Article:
Buffer Mode

To avoid data collisions, the SPI peripheral can be configured in Buffered mode by writing a ‘1’ to the Buffer Mode Enable (BUFEN) bit in the Control B (SPIn.CTRLB) register. In this mode, the SPI has additional interrupt flags and extra buffers. The extra buffers are shown in Figure 1. There are two different modes for the Buffer mode, selected with the Buffer Mode Wait for Receive (BUFWR) bit. The two different modes are described below with timing diagrams.

Client Buffer Mode with Wait for Receive Bit Written to ‘0

In Client mode, if the Buffer mode Wait for Receive (BUFWR) bit in SPIn.CTRLB is written to ‘0’, a dummy byte will be sent before the transmission of user data starts. Figure 1 shows a transmission sequence with this configuration. Notice how the value 0x45 is written to the Data (SPIn.DATA) register but never transmitted.

Figure 1. SPI Timing Diagram in Buffer Mode with BUFWR in SPIn.CTRLB Written to ‘0

When the Wait for Receive (BUFWR) bit in SPIn.CTRLB is written to ‘0’, all writes to the Data (SPIn.DATA) register go to the Transmit Data Buffer register. The figure above shows that the value 0x43 is written to the Data (SPIn.DATA) register but not immediately transferred to the shift register, so the first byte sent will be a dummy byte. The value of the dummy byte equals the values that were in the shift register at the same time. After the first dummy transfer is completed, the value 0x43 is transferred to the shift register. Then 0x44 is written to the Data (SPIn.DATA) register and goes to the Transmit Data Buffer register. A new transfer is started, and 0x43 will be sent. The value 0x45 is written to the Data (SPIn.DATA) register, but the Transmit Data Buffer register is not updated since it is already full containing 0x44 and the Data Register Empty Interrupt Flag (DREIF) in SPIn.INTFLAGS is low. The value 0x45 will be lost. After the transfer, the value 0x44 is moved to the shift register. During the next transfer, 0x46 is written to the Data (SPIn.DATA) register, and 0x44 is sent out. After the transfer is complete, 0x46 is copied into the shift register and sent out in the next transfer.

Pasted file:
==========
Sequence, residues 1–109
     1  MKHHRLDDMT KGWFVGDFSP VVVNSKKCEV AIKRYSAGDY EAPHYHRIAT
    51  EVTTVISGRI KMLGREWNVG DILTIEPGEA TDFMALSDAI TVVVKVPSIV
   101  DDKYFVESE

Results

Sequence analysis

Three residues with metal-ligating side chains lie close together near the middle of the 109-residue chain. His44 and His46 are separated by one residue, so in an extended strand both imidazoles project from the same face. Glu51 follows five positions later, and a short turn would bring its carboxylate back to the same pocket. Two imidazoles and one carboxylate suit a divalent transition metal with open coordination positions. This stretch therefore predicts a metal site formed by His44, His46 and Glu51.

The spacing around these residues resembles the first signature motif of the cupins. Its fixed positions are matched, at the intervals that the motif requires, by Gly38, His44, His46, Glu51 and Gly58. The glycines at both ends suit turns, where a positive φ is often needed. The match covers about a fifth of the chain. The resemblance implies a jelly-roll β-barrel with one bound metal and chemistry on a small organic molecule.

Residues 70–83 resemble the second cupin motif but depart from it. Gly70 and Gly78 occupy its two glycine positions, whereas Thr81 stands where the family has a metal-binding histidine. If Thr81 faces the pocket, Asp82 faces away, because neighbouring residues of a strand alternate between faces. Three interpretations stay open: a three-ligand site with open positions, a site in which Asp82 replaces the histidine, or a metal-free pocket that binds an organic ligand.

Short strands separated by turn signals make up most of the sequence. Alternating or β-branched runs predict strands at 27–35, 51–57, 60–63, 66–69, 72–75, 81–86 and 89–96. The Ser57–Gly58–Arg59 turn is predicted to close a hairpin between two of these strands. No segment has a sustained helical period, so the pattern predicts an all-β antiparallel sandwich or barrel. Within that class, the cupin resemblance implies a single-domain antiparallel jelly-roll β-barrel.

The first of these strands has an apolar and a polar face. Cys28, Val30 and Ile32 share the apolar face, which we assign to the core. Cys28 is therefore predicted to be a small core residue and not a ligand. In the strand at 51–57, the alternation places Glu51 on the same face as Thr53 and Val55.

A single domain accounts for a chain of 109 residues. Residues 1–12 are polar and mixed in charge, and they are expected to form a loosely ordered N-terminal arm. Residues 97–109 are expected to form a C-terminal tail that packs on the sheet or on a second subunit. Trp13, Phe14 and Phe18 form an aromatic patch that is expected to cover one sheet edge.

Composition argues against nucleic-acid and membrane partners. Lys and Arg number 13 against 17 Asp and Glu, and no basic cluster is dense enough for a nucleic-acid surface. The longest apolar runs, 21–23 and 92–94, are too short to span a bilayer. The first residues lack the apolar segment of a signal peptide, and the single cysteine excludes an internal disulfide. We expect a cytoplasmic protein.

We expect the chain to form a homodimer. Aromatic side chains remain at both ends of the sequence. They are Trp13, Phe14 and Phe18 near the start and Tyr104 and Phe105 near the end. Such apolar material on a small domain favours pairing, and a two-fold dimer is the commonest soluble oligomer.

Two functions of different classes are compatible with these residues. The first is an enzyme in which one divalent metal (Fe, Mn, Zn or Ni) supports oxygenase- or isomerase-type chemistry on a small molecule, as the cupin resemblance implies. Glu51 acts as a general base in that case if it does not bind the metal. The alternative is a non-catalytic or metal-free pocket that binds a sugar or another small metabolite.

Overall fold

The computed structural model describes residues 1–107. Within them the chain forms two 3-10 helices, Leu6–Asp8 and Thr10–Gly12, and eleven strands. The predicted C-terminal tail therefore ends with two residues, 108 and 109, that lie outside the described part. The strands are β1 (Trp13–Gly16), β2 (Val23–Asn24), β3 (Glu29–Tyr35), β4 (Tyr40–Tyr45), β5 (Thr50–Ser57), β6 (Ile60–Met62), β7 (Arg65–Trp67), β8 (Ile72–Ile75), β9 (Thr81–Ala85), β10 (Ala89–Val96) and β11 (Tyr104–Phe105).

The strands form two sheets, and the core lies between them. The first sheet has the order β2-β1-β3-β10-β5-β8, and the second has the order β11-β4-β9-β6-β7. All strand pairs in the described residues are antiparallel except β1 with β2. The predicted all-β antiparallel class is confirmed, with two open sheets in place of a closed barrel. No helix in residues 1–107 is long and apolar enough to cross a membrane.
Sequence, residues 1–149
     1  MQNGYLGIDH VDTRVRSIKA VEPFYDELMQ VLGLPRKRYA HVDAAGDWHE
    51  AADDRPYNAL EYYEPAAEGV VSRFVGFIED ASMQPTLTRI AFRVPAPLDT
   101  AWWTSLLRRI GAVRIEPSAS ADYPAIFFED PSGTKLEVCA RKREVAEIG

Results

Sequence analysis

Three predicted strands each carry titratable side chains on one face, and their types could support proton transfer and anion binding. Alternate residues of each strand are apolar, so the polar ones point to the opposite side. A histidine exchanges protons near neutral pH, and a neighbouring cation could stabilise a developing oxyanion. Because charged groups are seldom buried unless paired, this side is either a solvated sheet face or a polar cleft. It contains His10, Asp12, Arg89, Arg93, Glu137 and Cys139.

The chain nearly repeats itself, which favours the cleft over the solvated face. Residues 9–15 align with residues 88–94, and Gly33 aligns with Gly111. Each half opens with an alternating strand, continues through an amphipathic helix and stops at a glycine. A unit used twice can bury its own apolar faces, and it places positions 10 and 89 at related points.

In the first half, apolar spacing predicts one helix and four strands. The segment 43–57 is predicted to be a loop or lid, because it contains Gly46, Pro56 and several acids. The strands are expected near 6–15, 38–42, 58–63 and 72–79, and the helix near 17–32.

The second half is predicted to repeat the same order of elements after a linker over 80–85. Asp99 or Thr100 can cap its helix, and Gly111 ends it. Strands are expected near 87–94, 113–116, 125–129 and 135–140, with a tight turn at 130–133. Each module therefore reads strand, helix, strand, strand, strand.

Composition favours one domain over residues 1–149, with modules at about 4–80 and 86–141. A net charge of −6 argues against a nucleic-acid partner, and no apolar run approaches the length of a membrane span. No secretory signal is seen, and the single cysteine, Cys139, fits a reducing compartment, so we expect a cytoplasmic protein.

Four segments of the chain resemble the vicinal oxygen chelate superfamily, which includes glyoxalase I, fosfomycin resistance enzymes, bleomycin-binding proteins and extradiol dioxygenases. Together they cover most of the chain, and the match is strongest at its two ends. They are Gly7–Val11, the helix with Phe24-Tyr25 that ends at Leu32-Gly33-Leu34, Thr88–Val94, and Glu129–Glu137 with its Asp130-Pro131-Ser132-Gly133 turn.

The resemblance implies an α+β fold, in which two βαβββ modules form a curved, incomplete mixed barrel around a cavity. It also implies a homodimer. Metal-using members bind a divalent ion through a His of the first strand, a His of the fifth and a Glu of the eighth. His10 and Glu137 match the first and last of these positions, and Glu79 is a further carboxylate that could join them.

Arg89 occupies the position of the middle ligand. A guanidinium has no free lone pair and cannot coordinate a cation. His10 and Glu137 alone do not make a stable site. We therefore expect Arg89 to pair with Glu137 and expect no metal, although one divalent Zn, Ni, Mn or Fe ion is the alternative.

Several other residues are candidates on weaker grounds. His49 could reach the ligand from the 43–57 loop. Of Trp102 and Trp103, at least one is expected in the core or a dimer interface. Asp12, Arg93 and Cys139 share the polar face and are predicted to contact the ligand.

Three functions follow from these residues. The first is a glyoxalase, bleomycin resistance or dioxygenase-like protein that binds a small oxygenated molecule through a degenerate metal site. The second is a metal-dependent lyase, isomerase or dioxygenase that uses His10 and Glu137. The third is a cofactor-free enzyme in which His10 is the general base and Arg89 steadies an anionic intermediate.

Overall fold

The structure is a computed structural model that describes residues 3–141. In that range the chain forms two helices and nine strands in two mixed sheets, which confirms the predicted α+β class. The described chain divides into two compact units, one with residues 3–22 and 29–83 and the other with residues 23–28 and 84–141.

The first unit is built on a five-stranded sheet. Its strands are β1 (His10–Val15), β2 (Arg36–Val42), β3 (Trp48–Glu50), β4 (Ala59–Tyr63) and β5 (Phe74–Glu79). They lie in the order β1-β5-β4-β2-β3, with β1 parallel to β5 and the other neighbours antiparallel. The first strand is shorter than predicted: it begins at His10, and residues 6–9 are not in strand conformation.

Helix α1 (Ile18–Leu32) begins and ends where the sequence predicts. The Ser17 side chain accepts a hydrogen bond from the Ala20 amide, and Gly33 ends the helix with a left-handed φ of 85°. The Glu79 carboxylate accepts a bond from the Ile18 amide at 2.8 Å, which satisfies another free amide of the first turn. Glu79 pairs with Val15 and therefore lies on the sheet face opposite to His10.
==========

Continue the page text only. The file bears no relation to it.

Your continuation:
The DREIF goes low every time the Transmit Data Buffer register is written and goes high after a transfer when the previous value in the Transmit Data Buffer register is copied into the shift register. The Receive Complete Interrupt Flag (RXCIF) in SPIn.INTFLAGS is set one cycle after the DREIF goes high. The Transfer Complete Interrupt Flag is set one cycle after the Receive Complete Interrupt Flag is set when both the value in the shift register and in the Transmit Data Buffer register has been sent.

Client Buffer Mode with Wait for Receive Bit Written to ‘1

In Client mode, if the Buffer Mode Wait for Receive (BUFWR) bit in SPIn.CRTLB is written to ‘1’, the transmission of user data starts as soon as the SS pin is driven low. Figure 2 shows a transmission sequence with this configuration. Notice how the value 0x45 is written to the Data (SPIn.DATA) register but never transmitted.

Figure 2. SPI Timing Diagram in Buffer Mode with CTRLB.BUFWR Written to ‘1

All writes to the Data (SPIn.DATA) register go to the Transmit Data Buffer register. The figure above shows that the value 0x43 is written to the Data (SPIn.DATA) register, and since the SS pin is high, it is copied to the shift register in the next cycle. The next write (0x44) will go to the Transmit Data Buffer register. During the first transfer, the value 0x43 will be shifted out. In the figure above, the value 0x45 is written to the Data (SPIn.DATA) register, but the Transmit Data Buffer register is not updated since the DREIF is low. After the transfer is completed, the value 0x44 from the Transmit Data Buffer register is copied to the shift register. The value 0x46 is written to the Transmit Data Buffer register. During the next two transfers, 0x44 and 0x46 are shifted out. The flags behave identically to the Buffer Mode Wait for Receive (BUFWR) bit in SPIn.CTRLB set to ‘0’.